The Fine Art Of Cabinetmaking is essentially a “how to” book. But on a deeper level, it is more. The author, James Krenov, illustrates a philosophical style of building a relationship with wood. One that is playful, and any creative person can adopt to approach in whatever our chosen craft. The experience, discipline, and ideas that he shares are a playground for the imagination.
I’m not particularly interested in cabinetmaking (although I do appreciate working with wood), but the way some of his writing comes across in this book is really what captured my attention. There are teachings of care, passion, and wisdom that can be applied to any area of our everyday lives. He reminds us to listen, think, and feel when we’re doing things, and at times, says it with eloquence.
I learned about this book from Ensouling Language, by Stephen Buhner, which could be deceptively described as a “how to” book on writing, but one that stands out in a singular manner in the way that it was composed with profound depth and livingness. In the chapter about “following golden threads”, he referenced Krenov’s book, and specifically highlighted how valuable it can be for one to explore the creative process with verve.
With everything an artisan attempts to shape the process is the same, whether a living tree or a piece of wood or music, or these things we hold in our hands that we call books.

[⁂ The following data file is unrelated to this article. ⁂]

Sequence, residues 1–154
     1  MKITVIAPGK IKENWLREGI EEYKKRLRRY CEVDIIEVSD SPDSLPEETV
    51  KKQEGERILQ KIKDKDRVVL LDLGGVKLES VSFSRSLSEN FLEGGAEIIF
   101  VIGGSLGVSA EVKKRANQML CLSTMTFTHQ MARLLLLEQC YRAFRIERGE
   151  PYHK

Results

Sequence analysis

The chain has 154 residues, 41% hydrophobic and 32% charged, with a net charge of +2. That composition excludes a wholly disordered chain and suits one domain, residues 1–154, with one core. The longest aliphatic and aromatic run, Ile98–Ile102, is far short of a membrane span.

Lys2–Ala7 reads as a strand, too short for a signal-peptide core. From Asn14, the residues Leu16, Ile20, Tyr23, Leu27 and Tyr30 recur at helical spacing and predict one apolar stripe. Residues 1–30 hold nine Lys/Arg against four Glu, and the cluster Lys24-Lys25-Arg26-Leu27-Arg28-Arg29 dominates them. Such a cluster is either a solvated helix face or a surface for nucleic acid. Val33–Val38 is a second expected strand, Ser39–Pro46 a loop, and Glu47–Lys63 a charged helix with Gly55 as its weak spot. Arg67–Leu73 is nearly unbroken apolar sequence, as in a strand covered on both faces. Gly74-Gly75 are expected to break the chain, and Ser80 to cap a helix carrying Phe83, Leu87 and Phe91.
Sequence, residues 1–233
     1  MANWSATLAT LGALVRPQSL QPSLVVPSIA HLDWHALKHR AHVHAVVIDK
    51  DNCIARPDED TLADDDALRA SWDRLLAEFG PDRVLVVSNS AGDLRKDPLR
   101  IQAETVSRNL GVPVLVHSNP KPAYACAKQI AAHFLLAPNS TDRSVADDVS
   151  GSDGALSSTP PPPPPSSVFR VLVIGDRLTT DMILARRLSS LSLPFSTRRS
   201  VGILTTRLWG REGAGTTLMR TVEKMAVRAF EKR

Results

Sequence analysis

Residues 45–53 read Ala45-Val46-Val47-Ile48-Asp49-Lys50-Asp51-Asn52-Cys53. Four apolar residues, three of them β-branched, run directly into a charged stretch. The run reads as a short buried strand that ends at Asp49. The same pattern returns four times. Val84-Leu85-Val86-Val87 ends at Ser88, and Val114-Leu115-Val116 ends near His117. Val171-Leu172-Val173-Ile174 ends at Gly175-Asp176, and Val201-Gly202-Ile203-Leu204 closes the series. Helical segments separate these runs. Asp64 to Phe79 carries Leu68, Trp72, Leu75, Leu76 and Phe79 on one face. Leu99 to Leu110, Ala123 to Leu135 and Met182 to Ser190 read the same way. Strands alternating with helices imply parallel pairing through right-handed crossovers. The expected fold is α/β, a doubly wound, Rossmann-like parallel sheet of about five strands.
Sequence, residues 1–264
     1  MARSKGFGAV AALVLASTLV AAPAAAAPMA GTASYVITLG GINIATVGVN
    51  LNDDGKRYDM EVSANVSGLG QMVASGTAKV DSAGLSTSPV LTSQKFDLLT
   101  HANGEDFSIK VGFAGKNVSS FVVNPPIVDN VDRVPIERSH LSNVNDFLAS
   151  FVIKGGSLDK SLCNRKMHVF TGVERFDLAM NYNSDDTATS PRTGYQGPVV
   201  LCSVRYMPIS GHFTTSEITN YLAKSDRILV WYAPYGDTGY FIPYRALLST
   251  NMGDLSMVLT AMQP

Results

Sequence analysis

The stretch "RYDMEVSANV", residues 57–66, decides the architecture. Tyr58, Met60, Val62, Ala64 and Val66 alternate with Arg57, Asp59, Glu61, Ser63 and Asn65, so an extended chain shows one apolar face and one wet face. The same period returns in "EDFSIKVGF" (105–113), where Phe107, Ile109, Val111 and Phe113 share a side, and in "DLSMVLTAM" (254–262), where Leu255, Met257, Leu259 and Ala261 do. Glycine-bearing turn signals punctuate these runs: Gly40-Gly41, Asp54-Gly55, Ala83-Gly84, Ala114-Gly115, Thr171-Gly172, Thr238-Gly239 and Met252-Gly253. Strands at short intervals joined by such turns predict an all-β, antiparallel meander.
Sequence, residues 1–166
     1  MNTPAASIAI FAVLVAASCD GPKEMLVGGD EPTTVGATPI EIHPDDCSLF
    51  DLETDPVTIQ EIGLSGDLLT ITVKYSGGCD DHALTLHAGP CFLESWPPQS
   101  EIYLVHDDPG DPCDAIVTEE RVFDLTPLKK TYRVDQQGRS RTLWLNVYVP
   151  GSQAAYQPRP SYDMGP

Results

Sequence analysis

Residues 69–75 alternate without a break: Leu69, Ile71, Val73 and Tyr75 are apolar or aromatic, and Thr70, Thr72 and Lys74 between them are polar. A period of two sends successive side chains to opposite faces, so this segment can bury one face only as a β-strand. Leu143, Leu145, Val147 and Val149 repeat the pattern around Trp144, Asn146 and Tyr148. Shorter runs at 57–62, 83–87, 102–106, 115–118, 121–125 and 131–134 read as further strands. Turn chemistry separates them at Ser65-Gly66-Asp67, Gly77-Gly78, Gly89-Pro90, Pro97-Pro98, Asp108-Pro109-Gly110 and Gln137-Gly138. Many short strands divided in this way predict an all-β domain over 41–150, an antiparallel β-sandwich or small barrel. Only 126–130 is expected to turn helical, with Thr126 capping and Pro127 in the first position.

Following a golden thread, irrespective of the craft we practice, starts with noticing something that touches us and captures our attention.
Most often we see only what is in our minds, not what is in our eyes. Mostly we feel only what we have been taught to feel, not what we truly feel. With the attentive noticing of the soul, we step away from our programming and what we think we know. We feel something and then we stop and genuinely look, identifying what has caught our attention. Then we begin to really see it, noticing whatever it is as if for the first time. The senses begin to bring us tidings of invisible things, all of them filled with meaning.
To do this work, to develop excellence in the craft, we have to genuinely see whatever it is that we have felt, then follow wherever that feeling takes us.
Golden threads always start with an experience, a moment being lived. They are not something that belong only to those who write. It’s just that some of us work to write them down after we have lived them. It’s possible to follow golden threads behaviorally not just linguistically. It is a skill that belongs to living an inhabited life. Something touches you and you begin to follow it, to find out where it leads. It signals that something important is happening; it captures the attention of the deep self.
A house, a cabinet, a wooden bowl. If these things are crafted with this kind of feeling attention, following the golden threads that reside in the wood, allowing their conversation with you to emerge into form, what you find at the end of the process is a house, a cabinet, a wooden bowl that is filled with feeling and aliveness. Houses that are homes. Cabinets that greet you with joy each time you pass by. Wooden bowls that contain something ineffable.
creativity is evolution in our hands
I’ve gathered a few of my favorite quotes from Cabinetmaking to share here. May they serve as inspiration on your quest in creativity. May we labor with more love, intention, and presence, in whatever craft, project, or task that we’re doing in our lives.